Osteoporosis is a significant cause of morbidity and mortality in the US and costs approximately $17 billion dollars annually [43]. It results in over two million fractures annually in the US, 71% of which occur in women [43]. Therefore, investigation and identification of risk factors are of great importance. There have been several studies with conflicting findings regarding the possible influence of depression on BMD [25][42]; most of these studies were retrospective analyses conducted in post-menopausal women. In this study, we followed a group of premenopausal women with MDD and healthy controls prospectively and measured their BMD at regular intervals. Our finding that neither group exhibited a substantial change in BMD at any skeletal site over time may not be surprising since BMD has been reported to remain relatively stable in healthy premenopausal women [44][47]. The observation that women with MDD maintained their BMD throughout the study is reassuring as it implies that little, if any, bone loss was associated with MDD in this age range and time span. It should be however noted that these subjects were aware that they were participating in a clinical experiment, thus we cannot exclude a non specific “Hawthorne effect”. In this particular case, regular encounters with the research team may have positively influenced their mood and induced improvements in life style conditions. Our observation allows for considering prophylactic treatment of these women to prevent osteoporosis after menopause, when their risk is magnified. Women reach peak bone mass by their third decade [48], [49] and BMD remains relatively stable until menopause where women begin to lose up to 1–2% of the BMD annually [44][47].

Alterations in the HPA axis are significant findings in biological psychiatry [50]. Several studies have investigated the possible pathophysiology of osteoporosis in psychiatric patients and have hypothesized a link between depression and low BMD [28]. Elevated ACTH and cortisol levels, and enhanced cortisol responsiveness have been demonstrated in depressed individuals [25], [32], [41], [51][53]. Similar to the bone loss observed in Cushing syndrome as a result of hypercortisolemia, women with depression could thus have decreased BMD, albeit not as pronounced as in Cushing syndrome. We found that ACTH levels and bone-specific alkaline phosphatase levels tended to be elevated in women with depression compared to controls. Serum and urinary free cortisol, osteocalcin, and urinary N-telopeptide levels were not different between participants with depression and controls throughout the study.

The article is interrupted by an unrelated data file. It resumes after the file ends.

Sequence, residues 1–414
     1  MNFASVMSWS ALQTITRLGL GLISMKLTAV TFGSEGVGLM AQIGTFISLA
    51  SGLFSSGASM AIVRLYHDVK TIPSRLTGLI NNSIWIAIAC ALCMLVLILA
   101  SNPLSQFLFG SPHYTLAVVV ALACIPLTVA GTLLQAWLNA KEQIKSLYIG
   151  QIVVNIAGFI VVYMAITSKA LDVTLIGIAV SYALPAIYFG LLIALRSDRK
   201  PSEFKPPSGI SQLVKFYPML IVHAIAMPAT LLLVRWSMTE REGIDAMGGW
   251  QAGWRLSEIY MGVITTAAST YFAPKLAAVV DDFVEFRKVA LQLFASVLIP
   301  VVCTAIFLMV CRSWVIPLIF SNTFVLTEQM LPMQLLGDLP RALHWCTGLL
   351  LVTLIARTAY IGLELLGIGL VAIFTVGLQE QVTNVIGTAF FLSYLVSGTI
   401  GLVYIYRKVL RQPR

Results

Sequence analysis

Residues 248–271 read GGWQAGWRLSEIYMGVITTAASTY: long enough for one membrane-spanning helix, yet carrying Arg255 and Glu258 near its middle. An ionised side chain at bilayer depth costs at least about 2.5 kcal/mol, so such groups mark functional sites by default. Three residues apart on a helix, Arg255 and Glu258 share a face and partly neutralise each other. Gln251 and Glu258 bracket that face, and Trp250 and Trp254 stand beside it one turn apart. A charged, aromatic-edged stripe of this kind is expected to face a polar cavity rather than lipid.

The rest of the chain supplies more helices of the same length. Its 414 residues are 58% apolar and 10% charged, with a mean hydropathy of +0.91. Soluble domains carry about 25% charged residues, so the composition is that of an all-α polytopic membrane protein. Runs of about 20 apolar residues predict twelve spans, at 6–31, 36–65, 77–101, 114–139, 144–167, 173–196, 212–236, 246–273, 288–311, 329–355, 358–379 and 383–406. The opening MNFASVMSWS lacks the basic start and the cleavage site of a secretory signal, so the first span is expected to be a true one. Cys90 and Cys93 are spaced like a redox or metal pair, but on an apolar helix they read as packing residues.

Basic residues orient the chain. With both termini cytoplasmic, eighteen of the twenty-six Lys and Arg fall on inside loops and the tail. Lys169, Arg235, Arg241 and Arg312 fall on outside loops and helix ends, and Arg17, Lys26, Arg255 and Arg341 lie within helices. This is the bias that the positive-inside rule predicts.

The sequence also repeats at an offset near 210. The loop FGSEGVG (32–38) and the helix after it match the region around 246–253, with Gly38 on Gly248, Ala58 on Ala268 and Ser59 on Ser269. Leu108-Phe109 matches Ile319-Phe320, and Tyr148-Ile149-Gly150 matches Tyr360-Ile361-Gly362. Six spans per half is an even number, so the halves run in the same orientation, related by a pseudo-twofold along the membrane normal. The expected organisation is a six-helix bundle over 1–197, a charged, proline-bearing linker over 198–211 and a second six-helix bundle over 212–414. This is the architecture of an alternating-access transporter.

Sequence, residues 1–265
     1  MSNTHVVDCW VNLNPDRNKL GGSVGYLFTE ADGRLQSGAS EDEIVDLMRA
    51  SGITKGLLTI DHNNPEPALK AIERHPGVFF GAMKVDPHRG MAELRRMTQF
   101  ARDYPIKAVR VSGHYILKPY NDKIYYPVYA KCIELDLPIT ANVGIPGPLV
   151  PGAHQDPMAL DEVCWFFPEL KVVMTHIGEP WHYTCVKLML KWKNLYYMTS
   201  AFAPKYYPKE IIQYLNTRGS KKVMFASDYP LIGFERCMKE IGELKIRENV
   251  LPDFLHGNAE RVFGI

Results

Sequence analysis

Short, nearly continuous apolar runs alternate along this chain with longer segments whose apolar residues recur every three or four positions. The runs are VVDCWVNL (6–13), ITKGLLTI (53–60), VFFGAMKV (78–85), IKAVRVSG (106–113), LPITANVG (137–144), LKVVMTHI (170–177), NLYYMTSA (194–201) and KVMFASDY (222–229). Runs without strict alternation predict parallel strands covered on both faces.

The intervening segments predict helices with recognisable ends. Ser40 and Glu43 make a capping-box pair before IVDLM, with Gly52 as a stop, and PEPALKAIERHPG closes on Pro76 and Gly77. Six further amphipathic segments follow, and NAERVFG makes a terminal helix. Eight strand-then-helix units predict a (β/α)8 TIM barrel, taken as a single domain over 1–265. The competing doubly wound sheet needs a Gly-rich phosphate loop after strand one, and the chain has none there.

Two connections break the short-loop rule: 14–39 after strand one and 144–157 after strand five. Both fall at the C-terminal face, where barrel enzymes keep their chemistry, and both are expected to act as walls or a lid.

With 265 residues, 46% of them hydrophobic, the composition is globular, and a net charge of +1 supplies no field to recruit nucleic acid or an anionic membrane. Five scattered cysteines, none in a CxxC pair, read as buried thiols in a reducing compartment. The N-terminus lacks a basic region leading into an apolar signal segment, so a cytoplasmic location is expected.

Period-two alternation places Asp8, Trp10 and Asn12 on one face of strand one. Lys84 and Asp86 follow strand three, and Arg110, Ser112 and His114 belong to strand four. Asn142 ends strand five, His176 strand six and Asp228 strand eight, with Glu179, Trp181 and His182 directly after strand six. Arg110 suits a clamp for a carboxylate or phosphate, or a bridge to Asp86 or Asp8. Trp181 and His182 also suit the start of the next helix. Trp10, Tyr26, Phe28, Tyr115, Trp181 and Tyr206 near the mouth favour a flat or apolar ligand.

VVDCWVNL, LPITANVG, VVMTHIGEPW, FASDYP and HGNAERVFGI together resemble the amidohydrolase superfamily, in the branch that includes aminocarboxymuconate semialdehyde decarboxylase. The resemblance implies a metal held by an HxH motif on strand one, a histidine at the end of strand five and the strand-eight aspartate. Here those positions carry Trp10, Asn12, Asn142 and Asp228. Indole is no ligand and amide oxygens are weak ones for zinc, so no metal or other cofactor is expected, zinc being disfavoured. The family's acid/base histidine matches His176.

In an ancillary investigation, we reported that women with depression had a greater prevalence of Bcl1 polymorphism, which is associated with glucocorticoid hypersensitivity [54][56]. Therefore, women with MDD may also have a greater HPA activity at tissue level. The cortisol plasma levels were not elevated in our study of women with MDD, but hyperactivity of the HPA axis is not always accompanied by hypercortisolism [57]. Alterations in the HPA axis tend to occur during acute depressive states and normalize after treatment [51], [53]. Given that the majority of the subjects with depression were being pharmacologically treated throughout the duration of the study as previously reported [27], increases in cortisol levels may not have occurred, as these patients were likely to be in clinical remission. As we have recently reported in greater detail in a related manuscript [58], approximately half of the sample was comprised of women with melancholic depression, and the remaining subjects suffered either from undifferentiated or atypical depression. Women with atypical features of depression had higher ACTH levels during the night and women with undifferentiated depression had a significantly higher prevalence of low BMD at the femoral neck than controls. Thus, the clinical subtype of depression may influence bone and endocrine features, among other parameters.